• I think this is awesome!  Your brushwork really captures the scales.  Thank you for sharing.
  • waltwalt said:
    I asked the artist Marc Dalessio how he gets his paintings into gallery shows so quickly after painting and he says he uses it, though I dont understand too much about it.
    Retouch varnish is regular varnish with a lot more solvent.  This means you can spread it thinner, and it dries leaving a shine, and is also breathable, meaning that it lets oxygen through, to allow the paint beneath to cure over the next 6 months.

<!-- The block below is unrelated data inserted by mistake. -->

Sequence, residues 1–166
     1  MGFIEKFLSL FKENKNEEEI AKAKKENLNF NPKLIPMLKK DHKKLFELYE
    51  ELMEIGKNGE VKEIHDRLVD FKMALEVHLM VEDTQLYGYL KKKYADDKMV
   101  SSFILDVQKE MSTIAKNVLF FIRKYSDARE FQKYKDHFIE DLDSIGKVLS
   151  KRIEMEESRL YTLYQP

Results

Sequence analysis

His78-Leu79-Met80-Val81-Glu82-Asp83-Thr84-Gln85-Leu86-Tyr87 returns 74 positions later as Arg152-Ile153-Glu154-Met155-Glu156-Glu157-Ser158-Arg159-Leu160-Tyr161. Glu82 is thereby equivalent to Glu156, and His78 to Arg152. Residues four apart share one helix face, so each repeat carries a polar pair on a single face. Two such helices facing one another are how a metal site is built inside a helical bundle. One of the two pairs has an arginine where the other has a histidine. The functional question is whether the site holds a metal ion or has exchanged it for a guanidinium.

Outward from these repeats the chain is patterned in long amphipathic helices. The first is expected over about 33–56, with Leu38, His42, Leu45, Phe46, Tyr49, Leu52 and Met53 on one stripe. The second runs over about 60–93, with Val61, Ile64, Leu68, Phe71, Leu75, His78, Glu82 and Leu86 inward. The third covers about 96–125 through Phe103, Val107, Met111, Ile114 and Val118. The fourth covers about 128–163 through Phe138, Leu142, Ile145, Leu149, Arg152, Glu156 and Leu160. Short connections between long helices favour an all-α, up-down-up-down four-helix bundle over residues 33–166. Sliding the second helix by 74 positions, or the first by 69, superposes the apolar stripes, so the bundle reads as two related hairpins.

Wait until the paint is touch-dry, which means you cannot push your fingernail into it, before applying the thinnest possible coat of retouch varnish.
  • waltwalt said:
    What do you think about retouch varnish? I asked the artist Marc Dalessio how he gets his paintings into gallery shows so quickly after painting and he says he uses it, though I dont understand too much about it.